Riding: 26 km
Hiking: 8.4 km
Semonkong lodge is on the up-river side of the falls, and on the opposite side of the canyon into which it falls. You can either ride around the canyon to view the falls from the opposite side, or hike along the river to see it from the top. The lodge also arrange donkey-tours to the falls if you're tired of your bike by now.
If you feel adventurous, you can take on the world's highest commercial abseil just next to the falls (which includes a hike out of the gorge.)
We took the bikes on the dirt-road around. It is 13 km one-way on interesting gravel road with shallow water crossings and some steep up- and downhills.
The Lesotho sky (mountain bike event) had a stage in this area last year, and it's easy to see why event organisers would want to include this in the route. The thin air together with the hills would make this a very tough event, though ... Lesotho is not flat.
The afternoon Hardy and I hiked along the river to the waterfall. It's an 8.4 km round-trip, a bit over 2 hours. Follow the river from the lodge all the way down to the falls, or stay on the higher ground inland (an easier route). Cross the river at the bridge about a km upstream from the falls, so that you can get a clearer view of the falls where they drop.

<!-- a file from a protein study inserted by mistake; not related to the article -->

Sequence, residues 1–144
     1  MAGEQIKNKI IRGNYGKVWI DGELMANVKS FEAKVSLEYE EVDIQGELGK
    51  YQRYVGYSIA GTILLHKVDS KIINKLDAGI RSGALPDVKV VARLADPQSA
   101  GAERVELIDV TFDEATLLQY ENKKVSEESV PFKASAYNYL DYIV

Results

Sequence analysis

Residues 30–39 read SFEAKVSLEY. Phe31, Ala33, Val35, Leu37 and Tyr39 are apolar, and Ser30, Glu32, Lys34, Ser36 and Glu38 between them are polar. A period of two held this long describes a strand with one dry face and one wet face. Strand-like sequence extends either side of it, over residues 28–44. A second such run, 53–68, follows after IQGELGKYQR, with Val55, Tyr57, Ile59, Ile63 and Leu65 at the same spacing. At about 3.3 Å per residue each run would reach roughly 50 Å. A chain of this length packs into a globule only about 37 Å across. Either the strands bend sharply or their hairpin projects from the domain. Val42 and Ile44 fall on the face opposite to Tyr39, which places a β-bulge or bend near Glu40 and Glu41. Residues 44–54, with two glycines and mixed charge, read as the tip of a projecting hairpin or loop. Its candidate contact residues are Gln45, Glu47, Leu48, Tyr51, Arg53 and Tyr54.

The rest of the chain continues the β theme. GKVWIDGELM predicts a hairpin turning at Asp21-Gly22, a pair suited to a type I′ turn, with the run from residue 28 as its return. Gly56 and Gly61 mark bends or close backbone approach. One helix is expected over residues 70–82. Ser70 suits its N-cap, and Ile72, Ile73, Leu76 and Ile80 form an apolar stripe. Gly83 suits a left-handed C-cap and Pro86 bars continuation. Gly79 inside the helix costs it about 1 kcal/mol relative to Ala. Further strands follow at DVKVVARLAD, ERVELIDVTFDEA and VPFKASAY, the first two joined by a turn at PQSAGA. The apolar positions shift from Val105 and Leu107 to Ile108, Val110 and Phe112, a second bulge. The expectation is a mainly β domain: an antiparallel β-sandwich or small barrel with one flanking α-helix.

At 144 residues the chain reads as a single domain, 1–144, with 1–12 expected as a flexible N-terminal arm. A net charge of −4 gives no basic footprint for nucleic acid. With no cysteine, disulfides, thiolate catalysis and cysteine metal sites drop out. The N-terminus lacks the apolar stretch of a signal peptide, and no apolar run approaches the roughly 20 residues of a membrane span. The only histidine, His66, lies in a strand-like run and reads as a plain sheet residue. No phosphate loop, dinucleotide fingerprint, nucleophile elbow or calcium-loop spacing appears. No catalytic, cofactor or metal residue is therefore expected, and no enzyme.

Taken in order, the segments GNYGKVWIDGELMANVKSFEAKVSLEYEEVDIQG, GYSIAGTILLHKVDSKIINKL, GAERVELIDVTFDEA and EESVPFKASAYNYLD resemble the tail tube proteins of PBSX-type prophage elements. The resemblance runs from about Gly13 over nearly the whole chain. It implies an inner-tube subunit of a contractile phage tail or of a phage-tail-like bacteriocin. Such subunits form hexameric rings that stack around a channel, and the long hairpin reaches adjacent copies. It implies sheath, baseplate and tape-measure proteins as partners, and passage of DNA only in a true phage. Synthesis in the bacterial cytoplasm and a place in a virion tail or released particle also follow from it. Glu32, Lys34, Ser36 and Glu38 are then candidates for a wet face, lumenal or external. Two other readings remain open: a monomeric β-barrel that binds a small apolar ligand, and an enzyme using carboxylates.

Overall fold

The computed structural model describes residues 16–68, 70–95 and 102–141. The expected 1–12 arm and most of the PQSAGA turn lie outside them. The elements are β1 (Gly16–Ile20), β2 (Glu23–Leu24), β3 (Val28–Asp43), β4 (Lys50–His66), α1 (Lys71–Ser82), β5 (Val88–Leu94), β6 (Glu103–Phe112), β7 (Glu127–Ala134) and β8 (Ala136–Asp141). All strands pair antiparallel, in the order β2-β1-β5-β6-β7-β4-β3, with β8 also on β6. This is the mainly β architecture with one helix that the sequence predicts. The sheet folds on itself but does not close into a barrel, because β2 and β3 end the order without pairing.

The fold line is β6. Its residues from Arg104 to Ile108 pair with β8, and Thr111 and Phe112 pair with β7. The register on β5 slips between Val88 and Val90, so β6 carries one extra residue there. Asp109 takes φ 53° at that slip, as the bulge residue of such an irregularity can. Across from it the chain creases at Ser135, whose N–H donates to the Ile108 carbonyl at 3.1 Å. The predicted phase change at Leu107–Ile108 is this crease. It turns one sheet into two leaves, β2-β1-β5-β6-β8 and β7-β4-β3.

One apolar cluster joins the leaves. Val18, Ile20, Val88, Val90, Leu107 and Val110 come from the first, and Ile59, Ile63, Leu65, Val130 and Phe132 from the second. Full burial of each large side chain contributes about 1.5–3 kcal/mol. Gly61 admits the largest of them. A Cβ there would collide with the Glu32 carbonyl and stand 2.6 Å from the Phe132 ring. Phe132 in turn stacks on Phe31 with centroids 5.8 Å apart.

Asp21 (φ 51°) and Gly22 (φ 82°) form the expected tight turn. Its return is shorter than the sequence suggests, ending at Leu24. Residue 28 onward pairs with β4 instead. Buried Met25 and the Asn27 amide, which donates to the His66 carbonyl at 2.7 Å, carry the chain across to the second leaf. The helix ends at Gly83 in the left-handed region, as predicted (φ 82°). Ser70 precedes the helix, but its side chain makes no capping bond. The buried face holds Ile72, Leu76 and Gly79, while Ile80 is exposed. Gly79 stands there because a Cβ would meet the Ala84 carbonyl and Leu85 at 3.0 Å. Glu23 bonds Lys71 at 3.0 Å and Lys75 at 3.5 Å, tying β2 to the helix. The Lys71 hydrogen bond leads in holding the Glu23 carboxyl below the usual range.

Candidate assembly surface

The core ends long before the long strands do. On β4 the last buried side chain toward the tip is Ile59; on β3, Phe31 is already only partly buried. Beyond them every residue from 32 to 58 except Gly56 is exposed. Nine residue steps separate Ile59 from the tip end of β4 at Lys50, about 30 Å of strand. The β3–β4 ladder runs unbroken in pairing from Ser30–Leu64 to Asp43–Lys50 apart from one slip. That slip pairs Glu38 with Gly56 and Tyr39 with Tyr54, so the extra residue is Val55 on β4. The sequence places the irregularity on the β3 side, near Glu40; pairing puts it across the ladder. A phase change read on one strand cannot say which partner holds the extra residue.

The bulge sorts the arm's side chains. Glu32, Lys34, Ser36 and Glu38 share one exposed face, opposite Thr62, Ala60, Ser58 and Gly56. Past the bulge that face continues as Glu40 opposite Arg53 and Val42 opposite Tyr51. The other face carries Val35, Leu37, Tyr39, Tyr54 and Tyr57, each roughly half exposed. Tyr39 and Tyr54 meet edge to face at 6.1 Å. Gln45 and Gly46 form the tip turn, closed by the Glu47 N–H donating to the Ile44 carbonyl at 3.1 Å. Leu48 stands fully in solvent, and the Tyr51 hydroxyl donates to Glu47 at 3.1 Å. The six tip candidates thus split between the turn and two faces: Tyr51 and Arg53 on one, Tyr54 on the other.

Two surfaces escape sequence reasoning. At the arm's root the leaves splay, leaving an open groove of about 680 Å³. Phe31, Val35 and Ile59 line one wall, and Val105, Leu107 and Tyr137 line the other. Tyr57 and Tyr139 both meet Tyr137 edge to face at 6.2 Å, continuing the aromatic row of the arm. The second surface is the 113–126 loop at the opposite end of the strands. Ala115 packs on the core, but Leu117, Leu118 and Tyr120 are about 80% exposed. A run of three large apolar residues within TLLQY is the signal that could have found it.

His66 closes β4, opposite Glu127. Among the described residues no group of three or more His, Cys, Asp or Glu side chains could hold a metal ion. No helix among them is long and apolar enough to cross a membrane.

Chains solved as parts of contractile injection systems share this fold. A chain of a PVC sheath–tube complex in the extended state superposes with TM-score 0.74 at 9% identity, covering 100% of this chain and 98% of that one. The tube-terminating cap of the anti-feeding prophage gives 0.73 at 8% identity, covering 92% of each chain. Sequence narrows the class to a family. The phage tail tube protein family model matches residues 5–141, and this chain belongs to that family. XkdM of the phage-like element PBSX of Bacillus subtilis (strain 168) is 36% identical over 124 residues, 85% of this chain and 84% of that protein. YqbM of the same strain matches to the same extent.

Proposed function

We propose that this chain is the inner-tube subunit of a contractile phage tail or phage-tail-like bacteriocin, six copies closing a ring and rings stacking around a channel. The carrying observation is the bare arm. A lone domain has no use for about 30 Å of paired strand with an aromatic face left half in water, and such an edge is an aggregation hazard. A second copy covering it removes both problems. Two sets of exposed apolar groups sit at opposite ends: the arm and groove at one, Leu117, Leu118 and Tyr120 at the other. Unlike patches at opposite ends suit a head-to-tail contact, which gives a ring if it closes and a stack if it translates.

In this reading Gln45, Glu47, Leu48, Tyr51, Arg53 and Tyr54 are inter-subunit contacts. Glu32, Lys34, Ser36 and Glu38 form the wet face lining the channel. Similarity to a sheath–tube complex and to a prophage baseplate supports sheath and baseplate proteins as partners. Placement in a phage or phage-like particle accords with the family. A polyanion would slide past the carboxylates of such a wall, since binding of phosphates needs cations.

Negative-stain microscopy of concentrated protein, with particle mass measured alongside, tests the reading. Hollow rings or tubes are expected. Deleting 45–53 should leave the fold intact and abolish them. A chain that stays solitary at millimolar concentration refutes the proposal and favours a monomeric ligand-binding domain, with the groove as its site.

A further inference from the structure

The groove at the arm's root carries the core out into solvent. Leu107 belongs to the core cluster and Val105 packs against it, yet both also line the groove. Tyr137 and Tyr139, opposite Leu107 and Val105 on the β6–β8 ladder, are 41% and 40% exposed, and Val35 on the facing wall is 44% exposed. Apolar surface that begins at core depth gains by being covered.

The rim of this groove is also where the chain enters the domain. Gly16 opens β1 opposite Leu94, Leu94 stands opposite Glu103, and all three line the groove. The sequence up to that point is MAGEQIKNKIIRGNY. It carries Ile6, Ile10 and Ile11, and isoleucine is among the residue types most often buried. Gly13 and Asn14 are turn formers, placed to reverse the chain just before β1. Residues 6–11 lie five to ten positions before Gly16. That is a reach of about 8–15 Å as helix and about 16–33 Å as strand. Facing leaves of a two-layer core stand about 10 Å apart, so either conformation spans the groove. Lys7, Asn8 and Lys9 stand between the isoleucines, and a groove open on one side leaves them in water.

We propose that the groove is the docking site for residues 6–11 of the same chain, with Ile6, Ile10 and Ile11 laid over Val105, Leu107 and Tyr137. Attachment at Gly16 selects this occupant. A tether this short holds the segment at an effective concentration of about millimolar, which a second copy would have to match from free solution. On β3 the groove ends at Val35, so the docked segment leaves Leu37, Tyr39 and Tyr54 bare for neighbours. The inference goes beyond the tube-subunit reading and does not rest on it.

The waterfall looks a lot higher if you view it from right next to where it falls.
You could swim in the river (just next to the campsite) after your hike ... or just go for a hot shower if the March air is too nippy and the sun is already down.
The Duck & Donkey (the lodge's tavern) has excellent lunches. The dinner menu has fewer options (2 options per night, but a new choice each day) and you have to book otherwise you wont get space - the restaurant was fully booked and a bit squeezed the night that we were there. Eating there felt a bit like the 'youth hostels' that I used when I bicycle-toured in Europe many years ago: travelers from all over Southern Africa and indeed from around the world, all on their own adventures and with different tales of the places where they've been to and where they want to go next.
If you braai or make a potjie, be careful of the ducks - they tried to steal food off our plates while we were eating. (and please don't feed them ... at least not while you're eating ...)